One night Henry, an American dealing drugs in Montreal, makes a wrong turn. Heading the wrong way down a one way street, he runs over Natalie, who is pregnant and waiting for a cab to take her to the hospital. After leaving her in the street, Henry feels guilt and tries to find out what happened to her. It turns out she survived, but the baby did not. Although the baby is dead, it hasn’t been delivered because of Natalie’s need to recuperate. Henry’s sense of guilt leads him to eventually connect with her, even though she does not know he is responsible for what has happened. In him she finds a kind person who unlike her husband gives her room to grieve. They seem like two souls destined to be together, except for the truth that stands between them.
The High Cost of Living takes us into the struggle of these two people. Natalie struggles to come to term with the death of her child even as she continues to carry it inside her. Henry struggles to do the right thing. Even though the bond between them is circumstantial and only Henry knows the truth, they are able to aid one another in the difficult roads each walks.
Once Natalie determines he husband is not a help, she really has nowhere to go. All her friends have children, which only adds to her sense of loss. When Henry steps in to save her from a woman who thinks she is being responsible by challenging Natalie about drinking while pregnant, Natalie discovers someone who seems to accept her as she is. He doesn’t mind that she will not change her shirt because she cannot bear to see the bruises on her abdomen. He take her in when she feels she has no one to turn to.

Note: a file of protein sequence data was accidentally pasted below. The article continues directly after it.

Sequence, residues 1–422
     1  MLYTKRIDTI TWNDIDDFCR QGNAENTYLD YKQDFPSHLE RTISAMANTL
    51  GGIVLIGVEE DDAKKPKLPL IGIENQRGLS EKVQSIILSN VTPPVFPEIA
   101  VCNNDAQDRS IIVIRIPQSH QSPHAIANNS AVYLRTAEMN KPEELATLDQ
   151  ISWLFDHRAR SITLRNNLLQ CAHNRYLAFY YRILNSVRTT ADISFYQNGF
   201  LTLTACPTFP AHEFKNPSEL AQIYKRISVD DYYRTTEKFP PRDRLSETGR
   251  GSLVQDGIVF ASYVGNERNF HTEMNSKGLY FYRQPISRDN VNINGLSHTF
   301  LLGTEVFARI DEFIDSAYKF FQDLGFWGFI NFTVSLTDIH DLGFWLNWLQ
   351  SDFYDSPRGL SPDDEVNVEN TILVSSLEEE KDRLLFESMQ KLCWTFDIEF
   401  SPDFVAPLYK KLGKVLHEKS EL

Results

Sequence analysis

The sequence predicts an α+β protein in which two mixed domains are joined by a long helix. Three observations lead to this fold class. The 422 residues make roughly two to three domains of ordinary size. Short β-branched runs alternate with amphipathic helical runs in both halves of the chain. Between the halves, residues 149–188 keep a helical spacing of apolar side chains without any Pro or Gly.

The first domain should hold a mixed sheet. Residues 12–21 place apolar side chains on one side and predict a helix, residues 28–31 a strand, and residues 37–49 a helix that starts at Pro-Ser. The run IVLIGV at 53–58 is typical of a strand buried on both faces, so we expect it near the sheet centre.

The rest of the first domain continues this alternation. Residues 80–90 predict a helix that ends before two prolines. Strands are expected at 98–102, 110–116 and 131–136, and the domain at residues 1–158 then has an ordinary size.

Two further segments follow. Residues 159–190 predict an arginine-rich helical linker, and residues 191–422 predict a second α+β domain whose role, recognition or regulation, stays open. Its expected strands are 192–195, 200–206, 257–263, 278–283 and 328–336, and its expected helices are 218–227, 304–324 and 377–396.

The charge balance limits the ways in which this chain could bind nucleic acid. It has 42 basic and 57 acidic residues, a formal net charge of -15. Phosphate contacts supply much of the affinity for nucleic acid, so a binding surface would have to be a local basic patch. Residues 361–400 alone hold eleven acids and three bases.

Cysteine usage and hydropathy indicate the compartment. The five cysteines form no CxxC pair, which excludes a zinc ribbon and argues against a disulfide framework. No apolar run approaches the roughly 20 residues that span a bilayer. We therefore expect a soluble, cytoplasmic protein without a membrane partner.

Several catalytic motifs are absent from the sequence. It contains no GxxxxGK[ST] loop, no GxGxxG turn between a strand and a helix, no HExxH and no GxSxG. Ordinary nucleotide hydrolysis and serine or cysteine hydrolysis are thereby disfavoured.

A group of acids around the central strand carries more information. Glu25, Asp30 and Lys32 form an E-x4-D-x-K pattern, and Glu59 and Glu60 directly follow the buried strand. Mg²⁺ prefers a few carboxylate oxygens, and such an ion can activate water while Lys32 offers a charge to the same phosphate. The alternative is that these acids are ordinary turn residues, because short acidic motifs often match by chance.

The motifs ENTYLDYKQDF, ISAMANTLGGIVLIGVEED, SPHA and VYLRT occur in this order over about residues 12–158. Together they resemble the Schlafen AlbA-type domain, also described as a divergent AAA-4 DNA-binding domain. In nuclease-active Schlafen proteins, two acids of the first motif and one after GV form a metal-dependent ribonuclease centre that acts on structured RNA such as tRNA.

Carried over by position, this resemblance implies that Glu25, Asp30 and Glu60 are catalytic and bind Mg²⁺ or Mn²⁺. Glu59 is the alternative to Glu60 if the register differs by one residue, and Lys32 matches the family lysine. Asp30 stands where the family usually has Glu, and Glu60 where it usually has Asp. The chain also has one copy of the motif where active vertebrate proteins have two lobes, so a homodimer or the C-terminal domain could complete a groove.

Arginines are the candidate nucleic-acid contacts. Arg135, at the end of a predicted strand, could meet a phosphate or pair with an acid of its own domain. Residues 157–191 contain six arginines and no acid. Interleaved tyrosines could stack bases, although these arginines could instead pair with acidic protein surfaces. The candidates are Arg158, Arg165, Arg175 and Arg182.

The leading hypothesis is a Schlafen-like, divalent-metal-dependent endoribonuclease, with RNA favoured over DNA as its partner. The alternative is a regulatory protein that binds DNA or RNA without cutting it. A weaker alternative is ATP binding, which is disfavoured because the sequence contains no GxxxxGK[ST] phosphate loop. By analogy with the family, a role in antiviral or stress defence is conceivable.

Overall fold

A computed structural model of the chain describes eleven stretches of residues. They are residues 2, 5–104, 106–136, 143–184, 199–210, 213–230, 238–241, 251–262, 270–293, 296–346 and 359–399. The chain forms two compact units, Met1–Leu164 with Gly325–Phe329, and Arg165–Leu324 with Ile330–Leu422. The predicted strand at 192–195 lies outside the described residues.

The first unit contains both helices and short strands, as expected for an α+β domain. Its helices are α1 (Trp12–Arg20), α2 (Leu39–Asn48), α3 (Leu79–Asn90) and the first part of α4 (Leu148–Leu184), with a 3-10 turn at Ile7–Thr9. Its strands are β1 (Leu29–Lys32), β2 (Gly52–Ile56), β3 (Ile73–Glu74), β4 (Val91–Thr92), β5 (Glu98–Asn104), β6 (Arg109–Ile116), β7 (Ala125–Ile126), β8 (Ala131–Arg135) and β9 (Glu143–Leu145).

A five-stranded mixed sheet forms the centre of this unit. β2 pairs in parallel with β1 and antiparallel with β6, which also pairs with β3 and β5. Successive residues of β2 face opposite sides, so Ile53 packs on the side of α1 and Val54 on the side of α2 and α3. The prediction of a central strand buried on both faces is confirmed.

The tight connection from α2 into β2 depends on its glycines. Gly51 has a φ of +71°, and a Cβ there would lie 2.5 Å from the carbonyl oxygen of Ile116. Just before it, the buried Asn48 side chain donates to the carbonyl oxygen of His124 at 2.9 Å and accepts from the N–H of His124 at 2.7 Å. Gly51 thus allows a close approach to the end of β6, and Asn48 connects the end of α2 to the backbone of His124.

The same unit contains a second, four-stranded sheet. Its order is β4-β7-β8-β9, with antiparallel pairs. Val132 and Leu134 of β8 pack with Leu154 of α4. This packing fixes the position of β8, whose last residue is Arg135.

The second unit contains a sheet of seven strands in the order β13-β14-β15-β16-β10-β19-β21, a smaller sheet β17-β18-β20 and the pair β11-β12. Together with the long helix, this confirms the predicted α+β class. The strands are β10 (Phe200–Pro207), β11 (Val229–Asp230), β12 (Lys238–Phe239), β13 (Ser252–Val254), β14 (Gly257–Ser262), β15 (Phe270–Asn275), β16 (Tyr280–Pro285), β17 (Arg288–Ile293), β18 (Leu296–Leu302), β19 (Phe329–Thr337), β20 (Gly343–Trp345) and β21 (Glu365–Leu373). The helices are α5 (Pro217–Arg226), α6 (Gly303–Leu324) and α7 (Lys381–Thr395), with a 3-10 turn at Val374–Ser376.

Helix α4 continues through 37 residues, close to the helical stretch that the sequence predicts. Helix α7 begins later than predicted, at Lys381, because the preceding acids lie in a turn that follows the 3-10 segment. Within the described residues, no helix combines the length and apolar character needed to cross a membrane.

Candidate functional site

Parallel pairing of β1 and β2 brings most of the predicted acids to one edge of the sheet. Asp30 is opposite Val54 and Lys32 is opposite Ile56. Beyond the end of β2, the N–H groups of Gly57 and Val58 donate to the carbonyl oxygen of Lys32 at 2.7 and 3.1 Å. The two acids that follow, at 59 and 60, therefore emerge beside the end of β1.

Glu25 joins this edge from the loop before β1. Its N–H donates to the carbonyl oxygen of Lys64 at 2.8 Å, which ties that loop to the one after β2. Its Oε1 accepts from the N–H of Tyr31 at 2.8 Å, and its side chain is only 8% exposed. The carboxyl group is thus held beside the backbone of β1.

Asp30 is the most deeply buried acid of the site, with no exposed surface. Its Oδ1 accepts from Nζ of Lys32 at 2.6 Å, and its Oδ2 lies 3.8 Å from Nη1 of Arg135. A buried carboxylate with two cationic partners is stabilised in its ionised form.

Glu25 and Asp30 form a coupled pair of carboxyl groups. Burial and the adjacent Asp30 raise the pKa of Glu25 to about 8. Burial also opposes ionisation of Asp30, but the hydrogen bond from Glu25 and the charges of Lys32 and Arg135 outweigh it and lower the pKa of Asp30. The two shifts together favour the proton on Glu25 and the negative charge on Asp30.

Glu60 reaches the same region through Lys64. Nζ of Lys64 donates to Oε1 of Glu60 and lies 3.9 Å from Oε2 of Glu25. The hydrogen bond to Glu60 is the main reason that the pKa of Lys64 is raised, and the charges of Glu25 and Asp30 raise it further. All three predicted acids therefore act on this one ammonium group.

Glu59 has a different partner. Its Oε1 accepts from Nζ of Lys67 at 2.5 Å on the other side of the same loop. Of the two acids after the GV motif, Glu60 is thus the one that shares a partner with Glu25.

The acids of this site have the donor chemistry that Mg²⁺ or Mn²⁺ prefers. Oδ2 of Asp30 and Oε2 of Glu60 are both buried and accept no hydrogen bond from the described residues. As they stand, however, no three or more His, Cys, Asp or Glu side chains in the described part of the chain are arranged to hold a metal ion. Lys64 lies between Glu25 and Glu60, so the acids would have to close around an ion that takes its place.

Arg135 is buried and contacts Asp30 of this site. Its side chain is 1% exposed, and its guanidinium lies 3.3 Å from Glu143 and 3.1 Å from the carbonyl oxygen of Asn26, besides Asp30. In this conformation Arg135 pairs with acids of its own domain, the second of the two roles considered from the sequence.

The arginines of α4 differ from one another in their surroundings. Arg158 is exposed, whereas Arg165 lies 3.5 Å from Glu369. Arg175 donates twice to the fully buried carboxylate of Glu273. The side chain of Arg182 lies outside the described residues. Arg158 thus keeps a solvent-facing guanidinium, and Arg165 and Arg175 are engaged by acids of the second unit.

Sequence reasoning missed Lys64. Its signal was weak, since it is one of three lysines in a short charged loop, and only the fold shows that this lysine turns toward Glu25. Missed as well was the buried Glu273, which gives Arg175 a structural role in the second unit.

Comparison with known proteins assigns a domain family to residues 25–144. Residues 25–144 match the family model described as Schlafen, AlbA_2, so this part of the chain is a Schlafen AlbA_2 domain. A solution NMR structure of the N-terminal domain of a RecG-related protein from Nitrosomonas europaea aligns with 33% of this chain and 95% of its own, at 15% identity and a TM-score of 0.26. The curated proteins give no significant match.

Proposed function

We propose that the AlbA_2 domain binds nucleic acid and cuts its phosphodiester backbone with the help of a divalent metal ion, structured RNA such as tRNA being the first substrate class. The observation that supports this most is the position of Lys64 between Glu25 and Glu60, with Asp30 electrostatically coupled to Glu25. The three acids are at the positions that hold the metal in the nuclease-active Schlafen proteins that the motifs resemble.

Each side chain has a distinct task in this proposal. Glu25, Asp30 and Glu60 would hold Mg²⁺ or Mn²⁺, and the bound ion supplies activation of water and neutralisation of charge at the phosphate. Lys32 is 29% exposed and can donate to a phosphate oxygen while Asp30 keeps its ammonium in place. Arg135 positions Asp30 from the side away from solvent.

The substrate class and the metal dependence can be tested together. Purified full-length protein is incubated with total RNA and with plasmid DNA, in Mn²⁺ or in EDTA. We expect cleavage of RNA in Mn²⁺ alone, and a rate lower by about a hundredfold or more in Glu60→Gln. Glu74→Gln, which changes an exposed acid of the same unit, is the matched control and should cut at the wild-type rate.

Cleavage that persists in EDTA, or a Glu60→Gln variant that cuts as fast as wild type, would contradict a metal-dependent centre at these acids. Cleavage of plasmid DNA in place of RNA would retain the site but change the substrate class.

Henry begins simply trying to ease his conscience. For him, doing the right thing starts off as self-centered. If he can do something good, maybe he’ll feel better. As time goes on he realizes that the right thing to do will not be what heals his guilt, but what will be healing for Natalie – and that may be very costly.
What is it that makes someone a good or a bad person? Henry may deal drugs, but he does have principles. He only deals in FDA approved prescription drugs which he has smuggled in from the US long ago. After the hit and run he wants to make things right somehow, but really doesn’t know how. He becomes reflective: “Sometimes I wonder how I got to be this person. Maybe you’re just the sum of a bunch of bad choices.” He has indeed made many bad choices, but maybe he can learn that it’s not too late to make good choices. They may not make up for the bad choices, but just making good choices can be transformative.